Myth Busters Friday #1

There are so many myths out there about autism and Pathological Demand Avoidance. Sadly, many of them have become entrenched because they were spread by ‘experts’ and even autism awareness campaigns which in many ways have done more harm than good.

Because now when NT (neurotypicals) meet #ActuallyAutistic they have preconceived notions about them. They are a certain set of autistic behaviors rather than an individual.

I am not saying that there is no grain of truth to any of myths. Merely that none of them apply to ALL autistic people. And also even when they do, the reasons behind those behaviors are more often than not what the ‘experts’ claimed.

So for the next few weeks, I am going to explore some of them…perhaps even ask for some guest bloggers from my #ActuallyAutistic friends.

Let’s jump right in this week with…


***People with autism*** lack empathy.

(*** Please make special note that the overwhelming majority of #ActuallyAutistic prefer the terminology ‘autistic’ person/individual. I am using what for most is offensive person first terminology imposed upon the autistic community by others to state the myths for affect. To my #ActuallyAutistic friends I hope you understand and forgive me.)

Not at all! In fact, PanKwake demonstrated wonderful empathy the other night.

At 4 A.M. the fresh water pipe in the upstairs toilet  began to leak…seriously. The result was a significant flood into the family room beneath. I discovered it when I came downstairs to get her some water. I started screaming for Cookie Monster…so did she. We quickly worked out where it was coming from and he and I rushed off to try and stop the leak. (Not as easy as it sounds given the high pressure the water was under. We might have looked a bit like an old episode of I Love Lucy at that point.)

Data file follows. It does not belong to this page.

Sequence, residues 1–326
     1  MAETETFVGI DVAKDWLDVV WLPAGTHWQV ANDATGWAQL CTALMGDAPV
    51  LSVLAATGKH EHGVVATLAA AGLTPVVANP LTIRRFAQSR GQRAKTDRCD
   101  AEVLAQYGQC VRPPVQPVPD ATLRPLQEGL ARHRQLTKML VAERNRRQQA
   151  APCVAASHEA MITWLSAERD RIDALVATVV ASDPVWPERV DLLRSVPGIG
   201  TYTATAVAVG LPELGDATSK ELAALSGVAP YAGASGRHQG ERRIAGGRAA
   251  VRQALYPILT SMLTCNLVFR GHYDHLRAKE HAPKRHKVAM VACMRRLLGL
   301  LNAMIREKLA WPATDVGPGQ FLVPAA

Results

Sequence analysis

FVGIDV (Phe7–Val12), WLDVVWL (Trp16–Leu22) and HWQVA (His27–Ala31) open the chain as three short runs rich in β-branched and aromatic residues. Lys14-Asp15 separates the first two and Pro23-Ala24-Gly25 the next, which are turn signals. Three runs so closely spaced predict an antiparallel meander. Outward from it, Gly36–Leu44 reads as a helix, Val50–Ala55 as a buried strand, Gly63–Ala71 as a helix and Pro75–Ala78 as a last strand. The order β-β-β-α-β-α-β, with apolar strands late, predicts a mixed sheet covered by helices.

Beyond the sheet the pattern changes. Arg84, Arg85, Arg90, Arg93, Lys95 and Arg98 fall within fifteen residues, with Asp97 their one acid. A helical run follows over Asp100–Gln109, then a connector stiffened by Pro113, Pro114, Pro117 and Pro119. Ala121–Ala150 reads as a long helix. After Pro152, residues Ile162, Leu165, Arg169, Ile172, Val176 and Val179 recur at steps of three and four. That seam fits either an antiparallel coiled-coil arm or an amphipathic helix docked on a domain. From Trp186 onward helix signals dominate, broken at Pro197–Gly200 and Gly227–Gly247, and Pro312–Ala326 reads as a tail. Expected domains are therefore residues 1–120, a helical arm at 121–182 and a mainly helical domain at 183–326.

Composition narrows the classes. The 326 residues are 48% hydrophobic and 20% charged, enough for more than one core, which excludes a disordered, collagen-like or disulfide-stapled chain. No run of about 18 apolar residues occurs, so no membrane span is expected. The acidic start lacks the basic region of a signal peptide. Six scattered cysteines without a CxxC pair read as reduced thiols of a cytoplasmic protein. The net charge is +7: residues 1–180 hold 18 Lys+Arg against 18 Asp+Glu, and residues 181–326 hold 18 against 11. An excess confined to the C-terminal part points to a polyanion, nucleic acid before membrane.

20170413_082720
See the plushies up top?

But while we were upstairs working on that, PanKwake noticed that the plushies which had belonged to Cookie Monster’s wife before she died were getting wet on the top shelf. She goes into his office next door. Pulls out the small book shelf ladder there. And saves them all. Only the knitted dalek got wet much at all.

You see PanKwake knows how much the Miss Telsa stuff means to Cookie. She and I both respect that. They did spend a quarter of a century together. And I would be more worried if he could just wipe her away than honor her memory and role like this.

But the thing is…

That room is full of PanKwake things too. Her whole Shoppies collection, her board games, even her laptop got wet.

But before she saved any of her things…she saved Telsa’s…because she knows how important they are to someone who is important to her!

Empathy
PanKwake to the rescue!

That, folks, is EMPATHY!

And when I was having so much trouble with joint pain, she would often apologize when she called me in the middle of the night to get her something. And she even tried to do more for herself too. Only calling me when she could not.

That too is EMPATHY!

I have my own theory though about WHY this myth came to be. Of course, this one is just one person’s opinion. And we all know what they say about those. But hear me out…

I think that the reason ‘experts’ and NTs especially ‘autism parents’ don’t see this type of empathy is…